World Library  
Flag as Inappropriate
Email this Article

Béla Balázs

Béla Balázs c. 1910s
Béla Balázs on a 1984 Hungarian stamp

Béla Balázs (Hungarian: ; 4 August 1884, Szeged – 17 May 1949, Budapest), born Herbert Bauer, was a Hungarian-Jewish film critic, aesthete, writer and poet.


  • Career 1
  • Selected filmography 2
  • See also 3
  • References 4
  • External links 5


Balázs was the son of German-born parents, adopting his nom de plume in newspaper articles written before his 1902 move to Budapest, where he studied Hungarian and German at the Eötvös Collegium.

Balázs was a moving force in the Sonntagskreis or Sunday Circle, the intellectual discussion group which he founded in the autumn of 1915 together with Lajos Fülep, Arnold Hauser, György Lukács and Károly (Karl) Mannheim. Meetings were held at his flat on Sunday afternoons; already in December 1915 Balázs wrote in his diary of the success of the group.[1]

He is perhaps best remembered as the librettist of Bluebeard's Castle which he originally wrote for his roommate Zoltán Kodály, who in turn introduced him to the eventual composer of the opera, Béla Bartók. This collaboration continued with the scenario for the ballet The Wooden Prince.

The collapse of the short-lived György Lukács, a close friend during their youth, became a bitter enemy during the ordeal of the Stalinist purges.

In Vienna he became a prolific writer of film reviews. His first book on film, Der Sichtbare Mensch (The Visible Man) (1924), helped found the German "film as a language" theory, which also exerted an influence on Sergei Eisenstein and Vsevolod Pudovkin. A popular consultant, he wrote the screenplay for G. W. Pabst's film of Die Dreigroschenoper (1931), which became the object of a scandal and lawsuit by Brecht (who admitted to not reading the script) during production.

Later, he co-wrote (with Carl Mayer) and helped Leni Riefenstahl direct the film Das Blaue Licht (1932).[2] Riefenstahl later removed Balasz's and Mayer's names from the credits because they were Jewish.[3] One of his best known films is Somewhere in Europe (It Happened in Europe, 1947), directed by Géza von Radványi.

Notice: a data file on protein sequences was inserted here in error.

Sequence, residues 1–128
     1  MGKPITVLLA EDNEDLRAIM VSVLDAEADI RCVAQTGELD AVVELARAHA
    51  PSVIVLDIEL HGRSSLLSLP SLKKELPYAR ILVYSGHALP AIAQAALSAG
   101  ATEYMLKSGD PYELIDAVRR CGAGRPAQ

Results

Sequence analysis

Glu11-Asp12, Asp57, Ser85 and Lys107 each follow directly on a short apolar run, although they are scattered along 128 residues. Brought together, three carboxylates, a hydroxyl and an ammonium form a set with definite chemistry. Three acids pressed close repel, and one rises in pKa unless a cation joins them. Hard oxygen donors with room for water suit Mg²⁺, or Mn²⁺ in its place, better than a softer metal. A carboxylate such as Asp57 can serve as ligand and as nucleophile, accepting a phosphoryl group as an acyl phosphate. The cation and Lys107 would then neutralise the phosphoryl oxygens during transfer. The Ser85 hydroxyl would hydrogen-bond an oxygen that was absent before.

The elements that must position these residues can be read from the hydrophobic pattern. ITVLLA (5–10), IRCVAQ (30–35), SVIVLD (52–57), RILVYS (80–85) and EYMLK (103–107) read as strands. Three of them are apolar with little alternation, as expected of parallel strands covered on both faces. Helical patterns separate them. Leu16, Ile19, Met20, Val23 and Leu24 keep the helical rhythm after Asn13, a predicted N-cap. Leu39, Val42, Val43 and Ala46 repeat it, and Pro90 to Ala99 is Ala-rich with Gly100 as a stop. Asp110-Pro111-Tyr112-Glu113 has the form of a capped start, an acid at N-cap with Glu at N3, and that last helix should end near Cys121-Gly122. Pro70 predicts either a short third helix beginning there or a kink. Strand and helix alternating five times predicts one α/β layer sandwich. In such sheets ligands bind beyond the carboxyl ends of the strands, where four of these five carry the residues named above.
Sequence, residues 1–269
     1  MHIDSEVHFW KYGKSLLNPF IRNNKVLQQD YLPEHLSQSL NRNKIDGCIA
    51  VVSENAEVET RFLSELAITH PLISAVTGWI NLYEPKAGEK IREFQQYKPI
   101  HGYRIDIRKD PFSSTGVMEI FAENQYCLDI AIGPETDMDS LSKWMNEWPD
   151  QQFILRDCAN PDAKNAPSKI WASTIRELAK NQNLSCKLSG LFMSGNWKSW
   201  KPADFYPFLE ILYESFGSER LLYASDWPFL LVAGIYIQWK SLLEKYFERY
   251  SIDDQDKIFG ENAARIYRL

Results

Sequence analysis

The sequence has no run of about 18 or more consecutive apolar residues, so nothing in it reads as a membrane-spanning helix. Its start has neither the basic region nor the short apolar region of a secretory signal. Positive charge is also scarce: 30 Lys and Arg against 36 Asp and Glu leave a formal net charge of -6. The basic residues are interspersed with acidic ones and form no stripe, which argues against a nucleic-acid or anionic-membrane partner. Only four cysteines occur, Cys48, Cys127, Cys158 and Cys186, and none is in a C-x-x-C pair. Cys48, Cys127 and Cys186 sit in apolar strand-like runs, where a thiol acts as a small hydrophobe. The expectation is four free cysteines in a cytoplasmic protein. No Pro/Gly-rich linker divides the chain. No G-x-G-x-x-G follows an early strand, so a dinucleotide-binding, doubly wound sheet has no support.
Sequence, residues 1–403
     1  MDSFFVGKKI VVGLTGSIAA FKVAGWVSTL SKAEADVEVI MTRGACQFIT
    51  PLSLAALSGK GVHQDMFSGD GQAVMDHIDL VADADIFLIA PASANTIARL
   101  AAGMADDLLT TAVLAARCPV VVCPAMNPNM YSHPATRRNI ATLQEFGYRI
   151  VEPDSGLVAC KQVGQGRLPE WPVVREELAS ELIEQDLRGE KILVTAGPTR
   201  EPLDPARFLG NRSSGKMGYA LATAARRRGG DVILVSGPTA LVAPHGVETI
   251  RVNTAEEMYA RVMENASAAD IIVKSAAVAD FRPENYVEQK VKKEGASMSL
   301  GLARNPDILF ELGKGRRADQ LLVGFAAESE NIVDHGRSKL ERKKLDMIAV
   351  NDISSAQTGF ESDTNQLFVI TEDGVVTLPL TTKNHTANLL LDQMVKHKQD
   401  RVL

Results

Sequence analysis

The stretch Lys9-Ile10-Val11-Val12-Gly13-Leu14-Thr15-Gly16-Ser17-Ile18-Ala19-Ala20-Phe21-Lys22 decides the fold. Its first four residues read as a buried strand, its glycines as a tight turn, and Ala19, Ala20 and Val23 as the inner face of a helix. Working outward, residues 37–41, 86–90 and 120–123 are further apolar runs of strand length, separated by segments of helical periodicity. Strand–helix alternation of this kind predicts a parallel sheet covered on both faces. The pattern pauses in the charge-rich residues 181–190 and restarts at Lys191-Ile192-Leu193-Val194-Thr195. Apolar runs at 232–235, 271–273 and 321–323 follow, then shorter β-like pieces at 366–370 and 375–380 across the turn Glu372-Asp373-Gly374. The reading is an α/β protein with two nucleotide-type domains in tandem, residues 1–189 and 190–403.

His last years were marked by petty vexations at home and ever increasing recognition in the German-speaking world. In 1949, he received the most distinguished prize in Hungary, the Kossuth Prize. Also in 1949, he finished Theory of the Film, published posthumously in English (London: Denis Dobson, 1952). In 1958, the Béla Balázs Prize was founded and named for him as an award to recognize achievements in cinematography.

Selected filmography

See also


  1. ^ Mary Gluck (1985) Georg Lukács and His Generation, 1900–1918. Cambridge, Mass.: Harvard University Press. ISBN 0674348664. pp. 14–16
  2. ^ 1931 „the blue light“.
  3. ^ Hanno Loewy: "Balazs' and Leni Riefenstahl's The blue Light. A martyr's story". Retrieved on 24 May 2015.

External links

  • Petri Liukkonen. "Béla Balázs". Books and Writers ( Archived from the original on 4 July 2013.
  • Works by Béla Balázs at Project Gutenberg
  • Works by or about Béla Balázs at Internet Archive
  • Works by Béla Balázs at Open Library
  • Béla Balázs at the Internet Movie Database
  • Article on the relationship between Riefenstahl and Balazs
  • Béla Balázs on's list of famous Hungarian Jews
This article was sourced from Creative Commons Attribution-ShareAlike License; additional terms may apply. World Heritage Encyclopedia content is assembled from numerous content providers, Open Access Publishing, and in compliance with The Fair Access to Science and Technology Research Act (FASTR), Wikimedia Foundation, Inc., Public Library of Science, The Encyclopedia of Life, Open Book Publishers (OBP), PubMed, U.S. National Library of Medicine, National Center for Biotechnology Information, U.S. National Library of Medicine, National Institutes of Health (NIH), U.S. Department of Health & Human Services, and, which sources content from all federal, state, local, tribal, and territorial government publication portals (.gov, .mil, .edu). Funding for and content contributors is made possible from the U.S. Congress, E-Government Act of 2002.
Crowd sourced content that is contributed to World Heritage Encyclopedia is peer reviewed and edited by our editorial staff to ensure quality scholarly research articles.
By using this site, you agree to the Terms of Use and Privacy Policy. World Heritage Encyclopedia™ is a registered trademark of the World Public Library Association, a non-profit organization.

Copyright © World Library Foundation. All rights reserved. eBooks from World eBook Library are sponsored by the World Library Foundation,
a 501c(4) Member's Support Non-Profit Organization, and is NOT affiliated with any governmental agency or department.